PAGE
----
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Ardnadam, Adam's Grave

Chambered Cairn (Neolithic)

Site Name Ardnadam, Adam's Grave

Classification Chambered Cairn (Neolithic)

Alternative Name(s) Adam's Cave

Canmore ID 40774

Site Number NS18SE 5

NGR NS 1618 8003

Datum OSGB36 - NGR


Ordnance Survey licence number 100057073. All rights reserved.
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Administrative Areas

  • Council Argyll And Bute
  • Parish Dunoon And Kilmun
  • Former Region Strathclyde
  • Former District Argyll And Bute
  • Former County Argyll

Archaeology Notes

NS18SE 5 1618 8003.

(NS 1618 8003) Adam's Cave (NR) (Cromlech) (NR)

OS 6" map (1946)

Adam's Cave or Adam's Grave, a chambered cairn, lies in a gently sloping field, just over 100' OD. The remnants of the cairn cover an area c. 30' by 27' and are heaped against the chamber to a depth of 2 or 3', but the present edge of the cairn material probably bears no relation to its original size of shape. In the centre of the mound is an almost complete small chamber of schist slabs. The entrance is from the NE between two tall pillar-like portal stones.

The chamber measures 10'6" from the outer ends of the portal stones to the back-slab and 2'11" across the inner end. The capstone, a massive irregular slab, lies tilted across the chamber; unless it is badly displaced, another capstone would be needed to roof the part of the chamber behind the portal stones.

The chamber was cleared out by Bryce, who made no finds. It had been examined at some time before 1845 when the results were equally negative. At that time the structure was in much the same condition as it is today.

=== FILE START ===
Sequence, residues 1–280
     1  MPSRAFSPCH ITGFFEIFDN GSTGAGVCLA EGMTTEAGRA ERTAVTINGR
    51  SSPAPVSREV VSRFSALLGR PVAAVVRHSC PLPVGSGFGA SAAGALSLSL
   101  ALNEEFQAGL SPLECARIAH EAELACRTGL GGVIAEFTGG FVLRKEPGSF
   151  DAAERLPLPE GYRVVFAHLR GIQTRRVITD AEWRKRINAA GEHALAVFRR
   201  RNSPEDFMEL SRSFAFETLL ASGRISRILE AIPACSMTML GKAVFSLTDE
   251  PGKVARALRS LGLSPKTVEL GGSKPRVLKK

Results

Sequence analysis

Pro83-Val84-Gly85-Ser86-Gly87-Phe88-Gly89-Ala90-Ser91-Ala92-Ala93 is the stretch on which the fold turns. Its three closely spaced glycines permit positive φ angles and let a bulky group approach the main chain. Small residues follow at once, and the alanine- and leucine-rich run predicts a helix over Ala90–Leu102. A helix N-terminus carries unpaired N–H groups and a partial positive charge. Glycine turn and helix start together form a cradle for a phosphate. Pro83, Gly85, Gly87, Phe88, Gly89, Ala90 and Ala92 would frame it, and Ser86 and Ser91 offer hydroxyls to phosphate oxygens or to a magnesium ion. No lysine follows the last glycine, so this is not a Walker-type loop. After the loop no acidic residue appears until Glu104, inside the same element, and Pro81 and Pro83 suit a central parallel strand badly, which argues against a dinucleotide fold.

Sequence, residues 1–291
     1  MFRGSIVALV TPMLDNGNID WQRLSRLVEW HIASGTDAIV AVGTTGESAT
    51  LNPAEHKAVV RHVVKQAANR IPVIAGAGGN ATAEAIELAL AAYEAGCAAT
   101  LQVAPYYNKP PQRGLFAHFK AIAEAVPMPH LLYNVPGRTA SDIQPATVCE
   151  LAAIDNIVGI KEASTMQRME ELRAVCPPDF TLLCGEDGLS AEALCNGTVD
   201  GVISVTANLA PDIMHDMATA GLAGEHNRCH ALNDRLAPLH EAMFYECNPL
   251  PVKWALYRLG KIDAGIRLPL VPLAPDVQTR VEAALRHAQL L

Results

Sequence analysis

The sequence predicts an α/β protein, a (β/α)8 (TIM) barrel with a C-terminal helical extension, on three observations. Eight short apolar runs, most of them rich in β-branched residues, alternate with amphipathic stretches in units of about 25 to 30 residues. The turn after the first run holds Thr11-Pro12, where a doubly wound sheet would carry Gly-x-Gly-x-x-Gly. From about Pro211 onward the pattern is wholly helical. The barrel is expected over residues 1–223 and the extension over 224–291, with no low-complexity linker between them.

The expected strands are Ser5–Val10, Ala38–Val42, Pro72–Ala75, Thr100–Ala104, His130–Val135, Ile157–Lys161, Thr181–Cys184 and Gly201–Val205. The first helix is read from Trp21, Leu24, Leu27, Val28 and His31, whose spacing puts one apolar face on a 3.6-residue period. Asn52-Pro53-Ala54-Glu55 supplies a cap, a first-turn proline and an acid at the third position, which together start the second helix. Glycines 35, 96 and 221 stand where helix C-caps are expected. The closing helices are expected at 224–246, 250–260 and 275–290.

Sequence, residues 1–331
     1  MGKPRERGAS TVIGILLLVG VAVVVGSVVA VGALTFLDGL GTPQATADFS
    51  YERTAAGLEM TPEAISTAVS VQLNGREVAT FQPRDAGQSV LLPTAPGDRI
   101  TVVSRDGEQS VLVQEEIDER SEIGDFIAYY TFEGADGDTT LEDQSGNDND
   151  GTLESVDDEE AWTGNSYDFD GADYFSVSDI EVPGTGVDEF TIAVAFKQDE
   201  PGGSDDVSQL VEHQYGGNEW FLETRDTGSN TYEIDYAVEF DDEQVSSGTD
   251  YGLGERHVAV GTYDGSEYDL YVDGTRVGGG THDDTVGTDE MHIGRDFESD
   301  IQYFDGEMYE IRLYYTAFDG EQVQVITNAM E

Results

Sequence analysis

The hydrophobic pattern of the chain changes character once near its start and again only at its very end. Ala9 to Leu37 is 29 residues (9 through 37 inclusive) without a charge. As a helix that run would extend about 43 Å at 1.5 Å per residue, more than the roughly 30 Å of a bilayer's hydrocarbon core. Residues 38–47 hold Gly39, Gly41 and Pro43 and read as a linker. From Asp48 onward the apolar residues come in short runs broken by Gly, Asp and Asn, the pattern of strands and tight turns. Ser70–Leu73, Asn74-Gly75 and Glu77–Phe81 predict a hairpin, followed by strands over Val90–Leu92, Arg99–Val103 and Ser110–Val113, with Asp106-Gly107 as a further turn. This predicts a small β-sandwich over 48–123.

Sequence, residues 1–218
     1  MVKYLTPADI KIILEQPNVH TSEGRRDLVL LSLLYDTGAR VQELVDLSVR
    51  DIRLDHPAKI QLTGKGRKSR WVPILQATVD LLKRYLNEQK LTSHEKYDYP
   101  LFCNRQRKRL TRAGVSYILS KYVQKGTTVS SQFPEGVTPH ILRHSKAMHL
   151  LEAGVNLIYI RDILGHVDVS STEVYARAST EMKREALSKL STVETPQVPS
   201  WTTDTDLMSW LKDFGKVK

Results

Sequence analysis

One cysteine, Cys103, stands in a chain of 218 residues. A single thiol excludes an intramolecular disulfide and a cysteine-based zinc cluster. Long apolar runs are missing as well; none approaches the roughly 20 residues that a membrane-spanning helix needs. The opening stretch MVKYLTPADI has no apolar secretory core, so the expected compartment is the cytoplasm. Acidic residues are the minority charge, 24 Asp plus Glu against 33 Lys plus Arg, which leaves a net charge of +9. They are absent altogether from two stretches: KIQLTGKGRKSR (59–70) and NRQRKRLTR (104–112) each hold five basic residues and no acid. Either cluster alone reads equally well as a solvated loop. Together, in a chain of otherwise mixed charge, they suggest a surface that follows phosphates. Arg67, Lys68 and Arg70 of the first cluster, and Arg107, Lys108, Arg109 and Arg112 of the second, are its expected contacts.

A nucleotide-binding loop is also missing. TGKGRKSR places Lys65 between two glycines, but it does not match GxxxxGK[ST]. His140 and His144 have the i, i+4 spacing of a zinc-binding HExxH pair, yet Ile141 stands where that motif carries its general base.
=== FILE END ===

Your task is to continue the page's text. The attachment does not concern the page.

Generally known as Adam's Cave, this chambered cairn is as described.

A S Henshall 1972; T Bryce 1909; NSA 1845; RCAHMS Emergency Survey 1942

Resurveyed at 1:2500.

Visited by OS (JP) 5 March 1973

Adam's Cave (name verified), a chambered cairn, is as described in the previous information.

Surveyed at 1:2500.

Visited by OS (TRG) 6 December 1976


Note (14 September 1942)

'Adam's Grave', Ardnadam.

Ref. Professor Bryce's account. Positive evidence as to whether a second chamber existed behind the stone that forms the back of the existing chamber; but it may noted that the side-slab on the N side of the chamber extends 2 ft beyond the face of the end stone, and also that a large slab, apparently the capstone of a second chamber, is lying close by on top of the cairn.

Visited by RCAHMS (AG) 14 September 1942.

Field Visit (May 1981)

On a level terrace overlooking the Holy Loch about 150m E of Ardnadam there are the remains of a single-compartment burial-chamber situated within a cairn measuring about 11m by 8m and 1m in height; it has, however, been so severely robbed that the present spread of stones probably does not reflect the original height or outline (Henshall 1972, 331)*.

The chamber, which measures about 3.25m by 0.8m and 1m in height above the present floor level, is aligned NE-SW with the entrance at the NE end. The portal stones stand to heights of 1.6m and 1.75m above ground level on the NW and SE respectively; in the course of his excavation in 1904, Bryce discovered that they were set in socket-holes (Bryce 1909, 363-6). The massive NW side-slab of the chamber is 2.8m long and 0.5m in greatest thickness, but the stones forming the SE side are now partly dislodged. The capstone (2.3m by 2m and 0.25m thick), which still covers a large part of the chamber, rests on cairn material along its SE edge and not directly on the side-slabs. The chamber had already been cleared out before Bryce's examination, and 'even by careful riddling' of the floor-deposits nothing was found (Bryce 1909, 366).

Visited May 1981


*The cairn is known locally as 'Adam's Grave' or 'Adam's Cave'; for early descriptions of the site and accounts of the folklore connected with it see Bennett, J M, Notes on Neolithic Chambered Tomb at Ardnadam, Argyll (no date).


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